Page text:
In this post we look at the early history of the East Lancashire Railway. Firstly, the Blackburn & Preston Railway barely had two years of independent existence. In 1848 it formed part of the East Lancashire Railway along with several other companies. Moreover the ELR had a fraught relationship with its neighbours often feuding with the North Union railway and the Lancashire and Yorkshire Railway. Secondly this caused the building of duplicate routes and stations.
In 1843 a railway was proposed between Preston and Blackburn. There was already a railway entering Preston from Wigan. This line crossed the river Ribble via a stone viaduct. The railway was operated by the North Union Railway. Subsequently the viaduct became a point of contention for the fledgling Blackburn & Preston Railway. Because Preston corporation did not want another railway bridge built over the Ribble, the new line could not enter Preston directly. As a result the the route joined the existing line to the South, at Farrington. This also made the railway 3 miles longer than the road route.
The route of the railway
The railway was built in two sections. Firstly the section from Farrington to Hoghton, contracted to John Stephenson and Secondly Hoghton to Blackburn, contracted to Nowell & Hattersley. Construction began near Hoghton Tower in August 1844. Most of the heavy engineering works were on the Hoghton to Blackburn section. Above all the River Darwen had to be crossed at Hoghton bottoms. This is a deep gorge and consequently a substantial stone viaduct had to be built. The three arch structure is 116ft high and took over eighteen months to build.
A further bridge re-crossed the river near Pleasington. This was originally made of wood but was replaced by a stone bridge in 1865.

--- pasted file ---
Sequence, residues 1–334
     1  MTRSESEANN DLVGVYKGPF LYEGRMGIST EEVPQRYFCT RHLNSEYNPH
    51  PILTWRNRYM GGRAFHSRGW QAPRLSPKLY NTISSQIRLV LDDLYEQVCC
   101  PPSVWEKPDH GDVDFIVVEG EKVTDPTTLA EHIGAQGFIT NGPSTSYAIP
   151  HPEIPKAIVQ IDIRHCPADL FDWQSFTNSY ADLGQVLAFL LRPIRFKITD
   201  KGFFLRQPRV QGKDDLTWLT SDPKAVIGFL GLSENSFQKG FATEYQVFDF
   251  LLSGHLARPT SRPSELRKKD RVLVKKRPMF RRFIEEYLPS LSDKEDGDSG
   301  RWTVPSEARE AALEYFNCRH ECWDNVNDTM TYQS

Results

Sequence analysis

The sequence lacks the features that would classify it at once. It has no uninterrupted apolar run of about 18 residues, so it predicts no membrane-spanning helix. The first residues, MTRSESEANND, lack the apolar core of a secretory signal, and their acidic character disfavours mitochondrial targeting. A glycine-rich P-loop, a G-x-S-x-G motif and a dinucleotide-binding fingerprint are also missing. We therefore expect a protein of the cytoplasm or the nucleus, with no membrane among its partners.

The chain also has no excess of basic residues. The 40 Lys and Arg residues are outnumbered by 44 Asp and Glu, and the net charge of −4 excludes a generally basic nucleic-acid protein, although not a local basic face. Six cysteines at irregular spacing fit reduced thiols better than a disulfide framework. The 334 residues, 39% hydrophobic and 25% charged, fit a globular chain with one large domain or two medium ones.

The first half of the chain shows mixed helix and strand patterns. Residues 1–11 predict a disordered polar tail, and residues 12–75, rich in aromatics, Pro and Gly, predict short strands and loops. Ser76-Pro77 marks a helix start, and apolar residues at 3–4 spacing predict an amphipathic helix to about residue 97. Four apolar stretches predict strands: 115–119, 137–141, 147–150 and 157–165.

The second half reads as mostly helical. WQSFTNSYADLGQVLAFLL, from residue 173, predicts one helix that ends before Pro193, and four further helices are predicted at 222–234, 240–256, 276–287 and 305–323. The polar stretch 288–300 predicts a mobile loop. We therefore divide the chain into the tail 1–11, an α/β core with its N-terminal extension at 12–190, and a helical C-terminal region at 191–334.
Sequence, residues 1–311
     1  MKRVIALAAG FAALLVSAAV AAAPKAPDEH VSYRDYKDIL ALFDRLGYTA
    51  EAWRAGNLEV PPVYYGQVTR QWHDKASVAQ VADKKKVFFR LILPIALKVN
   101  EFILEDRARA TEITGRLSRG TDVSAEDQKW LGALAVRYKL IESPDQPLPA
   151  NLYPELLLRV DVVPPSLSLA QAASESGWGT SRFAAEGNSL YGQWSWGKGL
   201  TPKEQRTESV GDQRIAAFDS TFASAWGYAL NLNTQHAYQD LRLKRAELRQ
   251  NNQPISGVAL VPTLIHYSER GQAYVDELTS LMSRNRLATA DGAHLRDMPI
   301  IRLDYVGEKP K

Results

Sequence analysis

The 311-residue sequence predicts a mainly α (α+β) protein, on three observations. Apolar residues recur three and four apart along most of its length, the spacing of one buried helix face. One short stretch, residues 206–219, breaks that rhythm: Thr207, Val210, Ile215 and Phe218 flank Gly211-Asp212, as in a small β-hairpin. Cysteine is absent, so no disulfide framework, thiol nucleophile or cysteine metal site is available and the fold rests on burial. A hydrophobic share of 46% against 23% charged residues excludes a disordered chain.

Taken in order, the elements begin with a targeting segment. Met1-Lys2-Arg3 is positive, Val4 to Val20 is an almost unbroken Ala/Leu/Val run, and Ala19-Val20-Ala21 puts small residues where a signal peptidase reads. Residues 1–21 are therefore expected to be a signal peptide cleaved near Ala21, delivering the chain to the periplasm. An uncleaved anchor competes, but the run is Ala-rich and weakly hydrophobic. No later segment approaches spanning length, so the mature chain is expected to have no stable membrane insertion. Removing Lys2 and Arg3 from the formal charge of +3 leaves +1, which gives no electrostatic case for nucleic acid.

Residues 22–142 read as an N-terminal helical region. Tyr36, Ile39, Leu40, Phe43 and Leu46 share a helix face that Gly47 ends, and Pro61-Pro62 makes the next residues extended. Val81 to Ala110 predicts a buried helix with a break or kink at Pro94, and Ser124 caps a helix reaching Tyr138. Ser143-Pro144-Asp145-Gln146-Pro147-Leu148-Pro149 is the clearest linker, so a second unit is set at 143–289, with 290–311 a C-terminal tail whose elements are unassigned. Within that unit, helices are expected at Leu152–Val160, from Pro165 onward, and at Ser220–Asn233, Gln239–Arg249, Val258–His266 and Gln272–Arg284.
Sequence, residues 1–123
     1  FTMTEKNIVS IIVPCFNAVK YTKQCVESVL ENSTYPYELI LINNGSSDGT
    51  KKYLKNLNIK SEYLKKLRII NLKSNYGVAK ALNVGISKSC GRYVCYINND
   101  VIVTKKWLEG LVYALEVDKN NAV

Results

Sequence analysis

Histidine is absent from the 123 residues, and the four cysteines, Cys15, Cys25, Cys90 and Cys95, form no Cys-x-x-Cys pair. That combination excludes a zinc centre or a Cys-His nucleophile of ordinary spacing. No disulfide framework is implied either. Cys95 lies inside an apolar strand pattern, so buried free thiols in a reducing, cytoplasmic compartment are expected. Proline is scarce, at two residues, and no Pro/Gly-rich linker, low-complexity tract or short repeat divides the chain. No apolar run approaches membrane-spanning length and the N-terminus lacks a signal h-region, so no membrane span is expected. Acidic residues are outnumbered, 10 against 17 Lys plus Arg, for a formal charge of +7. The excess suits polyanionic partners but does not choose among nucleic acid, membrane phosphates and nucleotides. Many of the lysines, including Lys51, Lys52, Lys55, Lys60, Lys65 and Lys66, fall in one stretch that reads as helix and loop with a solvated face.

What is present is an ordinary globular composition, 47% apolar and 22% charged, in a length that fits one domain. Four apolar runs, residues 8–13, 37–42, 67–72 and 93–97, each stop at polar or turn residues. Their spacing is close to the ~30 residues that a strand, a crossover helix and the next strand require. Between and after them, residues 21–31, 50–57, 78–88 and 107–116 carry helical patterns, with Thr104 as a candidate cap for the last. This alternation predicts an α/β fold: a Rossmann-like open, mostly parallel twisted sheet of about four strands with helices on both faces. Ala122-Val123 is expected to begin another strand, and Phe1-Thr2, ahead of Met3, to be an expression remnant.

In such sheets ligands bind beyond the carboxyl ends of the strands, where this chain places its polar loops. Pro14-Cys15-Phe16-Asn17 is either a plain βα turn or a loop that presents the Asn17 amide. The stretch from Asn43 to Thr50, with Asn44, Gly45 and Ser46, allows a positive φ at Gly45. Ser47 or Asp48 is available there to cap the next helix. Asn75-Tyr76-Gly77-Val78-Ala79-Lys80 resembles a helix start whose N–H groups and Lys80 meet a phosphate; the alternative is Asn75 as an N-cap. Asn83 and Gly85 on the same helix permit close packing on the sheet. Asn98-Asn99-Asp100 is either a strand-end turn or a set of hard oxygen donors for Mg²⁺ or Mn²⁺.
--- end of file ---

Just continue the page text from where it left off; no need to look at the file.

The stations on the railway
There were four intermediate stations at Lostock Hall, Bamber Bridge, Hoghton and Pleasington. Hoghton closed in 1960. Pleasington is still open as a request stop.
The East Lancashire Railway Adds it’s own station
Importantly, feuding railway companies often built duplicate routes. Preston being a case in point. Within a few years the ELR had persuaded Preston Corporation to let them build a direct line, and new bridge into the town. This line diverged from the existing route at Bamber Bridge. Consequently the main reason for the Bamber Bridge to Preston line was so the ELR could avoid having to run over the North Union Railway’s tracks into the town, via Farrington. Because of the feud with the NUR an additional station was build by 1850, with an entrance on Butler street. This is now closed and the site of a supermarket.
The ELR bridge is still in use as a footpath and the route of the line has large sections that can be walked.
To sum up the Preston to Blackburn line formed an important link in the East Lancashire network. By 1848 Accrington was connected to Blackburn and Manchester via Bury. Blackburn was a major textile town as was Accrington. The link to Manchester and Preston, a significant port, helped to cement the industrial revolution in the North of England..